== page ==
New France was governed by three rulers: the governor, the bishop and the intendant, all appointed by the King, and sent from France. The intendant was responsible for finance, economic development, and the administration of justice (law and order). He also presided over the Conseil souverain. Because of his extensive powers, there were often disputes over jurisdiction between the governor and the intendant.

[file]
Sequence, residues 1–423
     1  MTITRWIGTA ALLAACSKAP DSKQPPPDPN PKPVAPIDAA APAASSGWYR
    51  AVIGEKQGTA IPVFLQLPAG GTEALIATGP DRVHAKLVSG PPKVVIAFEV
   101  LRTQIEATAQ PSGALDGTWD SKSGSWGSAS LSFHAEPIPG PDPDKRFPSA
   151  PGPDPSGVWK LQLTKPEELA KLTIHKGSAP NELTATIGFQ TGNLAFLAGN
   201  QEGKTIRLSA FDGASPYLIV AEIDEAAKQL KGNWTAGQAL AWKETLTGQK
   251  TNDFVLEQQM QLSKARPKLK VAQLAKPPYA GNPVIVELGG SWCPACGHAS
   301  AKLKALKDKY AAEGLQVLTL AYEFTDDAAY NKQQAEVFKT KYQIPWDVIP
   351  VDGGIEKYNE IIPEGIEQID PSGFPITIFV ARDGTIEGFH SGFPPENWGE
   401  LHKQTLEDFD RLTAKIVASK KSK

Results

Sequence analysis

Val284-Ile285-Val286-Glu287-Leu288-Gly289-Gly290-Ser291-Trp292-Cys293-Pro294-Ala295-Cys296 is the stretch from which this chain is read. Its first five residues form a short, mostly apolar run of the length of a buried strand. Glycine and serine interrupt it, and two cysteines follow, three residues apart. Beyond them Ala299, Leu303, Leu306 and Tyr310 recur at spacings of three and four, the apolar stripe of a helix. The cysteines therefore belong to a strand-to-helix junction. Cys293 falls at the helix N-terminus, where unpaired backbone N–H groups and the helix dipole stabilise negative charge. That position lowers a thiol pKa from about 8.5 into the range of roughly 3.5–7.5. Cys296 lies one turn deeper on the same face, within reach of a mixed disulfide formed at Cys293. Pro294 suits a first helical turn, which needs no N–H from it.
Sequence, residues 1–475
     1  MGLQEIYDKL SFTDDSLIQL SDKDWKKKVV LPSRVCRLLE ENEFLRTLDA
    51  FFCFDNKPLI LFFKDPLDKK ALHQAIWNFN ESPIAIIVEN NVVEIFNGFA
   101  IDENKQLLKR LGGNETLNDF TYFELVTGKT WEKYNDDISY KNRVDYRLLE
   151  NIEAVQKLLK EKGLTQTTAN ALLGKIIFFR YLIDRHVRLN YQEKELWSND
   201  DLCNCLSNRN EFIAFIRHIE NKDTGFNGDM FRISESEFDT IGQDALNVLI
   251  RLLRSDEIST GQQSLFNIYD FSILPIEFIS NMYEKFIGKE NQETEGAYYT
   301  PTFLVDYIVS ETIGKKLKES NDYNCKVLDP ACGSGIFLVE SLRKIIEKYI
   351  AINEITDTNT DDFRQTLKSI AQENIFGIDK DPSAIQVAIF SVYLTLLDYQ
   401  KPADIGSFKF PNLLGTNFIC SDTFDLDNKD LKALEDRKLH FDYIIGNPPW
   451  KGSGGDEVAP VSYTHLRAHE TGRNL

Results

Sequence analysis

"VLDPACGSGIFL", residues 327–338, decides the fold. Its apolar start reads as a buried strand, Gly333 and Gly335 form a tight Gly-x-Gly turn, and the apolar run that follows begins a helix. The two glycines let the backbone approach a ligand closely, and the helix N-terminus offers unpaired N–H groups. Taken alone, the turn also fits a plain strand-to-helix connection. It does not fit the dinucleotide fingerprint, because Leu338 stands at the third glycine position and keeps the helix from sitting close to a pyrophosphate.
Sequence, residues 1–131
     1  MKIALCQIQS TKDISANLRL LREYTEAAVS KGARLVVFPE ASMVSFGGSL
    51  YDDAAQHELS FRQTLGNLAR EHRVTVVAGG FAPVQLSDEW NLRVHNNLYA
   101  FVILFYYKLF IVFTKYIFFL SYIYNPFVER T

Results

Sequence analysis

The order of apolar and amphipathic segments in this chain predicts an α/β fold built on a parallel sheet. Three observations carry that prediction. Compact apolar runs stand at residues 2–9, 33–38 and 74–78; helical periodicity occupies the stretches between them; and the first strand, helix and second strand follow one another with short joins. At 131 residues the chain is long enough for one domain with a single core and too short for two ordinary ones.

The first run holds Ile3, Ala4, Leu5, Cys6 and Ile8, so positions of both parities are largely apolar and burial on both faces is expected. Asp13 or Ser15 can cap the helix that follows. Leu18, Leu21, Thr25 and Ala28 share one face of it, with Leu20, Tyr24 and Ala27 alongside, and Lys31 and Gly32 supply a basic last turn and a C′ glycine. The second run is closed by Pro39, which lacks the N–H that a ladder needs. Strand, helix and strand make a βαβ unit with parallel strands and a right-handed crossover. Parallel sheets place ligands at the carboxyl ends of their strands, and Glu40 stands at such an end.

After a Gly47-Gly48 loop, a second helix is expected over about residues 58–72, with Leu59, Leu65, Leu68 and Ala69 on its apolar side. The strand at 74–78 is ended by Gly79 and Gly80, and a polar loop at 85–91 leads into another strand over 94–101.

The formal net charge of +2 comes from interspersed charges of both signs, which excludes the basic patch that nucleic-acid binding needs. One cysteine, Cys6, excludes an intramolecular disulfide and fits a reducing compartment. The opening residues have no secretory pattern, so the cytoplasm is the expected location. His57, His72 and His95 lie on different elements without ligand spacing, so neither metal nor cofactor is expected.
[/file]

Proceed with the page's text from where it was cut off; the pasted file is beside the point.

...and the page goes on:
The first intendant of New France was Jean Talon, appointed in 1665 when the colony became a royal province of France. It was Talon who took the first census of the colony in 1666.
In the 17th and 18th centuries, the Intendants were chosen from the "noblesse de robe" (or administrative nobility) or the upper-bourgeoisie.
During the Fronde in 1648, the members of parlement of the "Chambre Saint-Louis" demanded the suppression of the Intendants; Mazarin and Anne of Austria gave in to these demands (except in the case of border provinces threatened by Spanish or Imperial attack).
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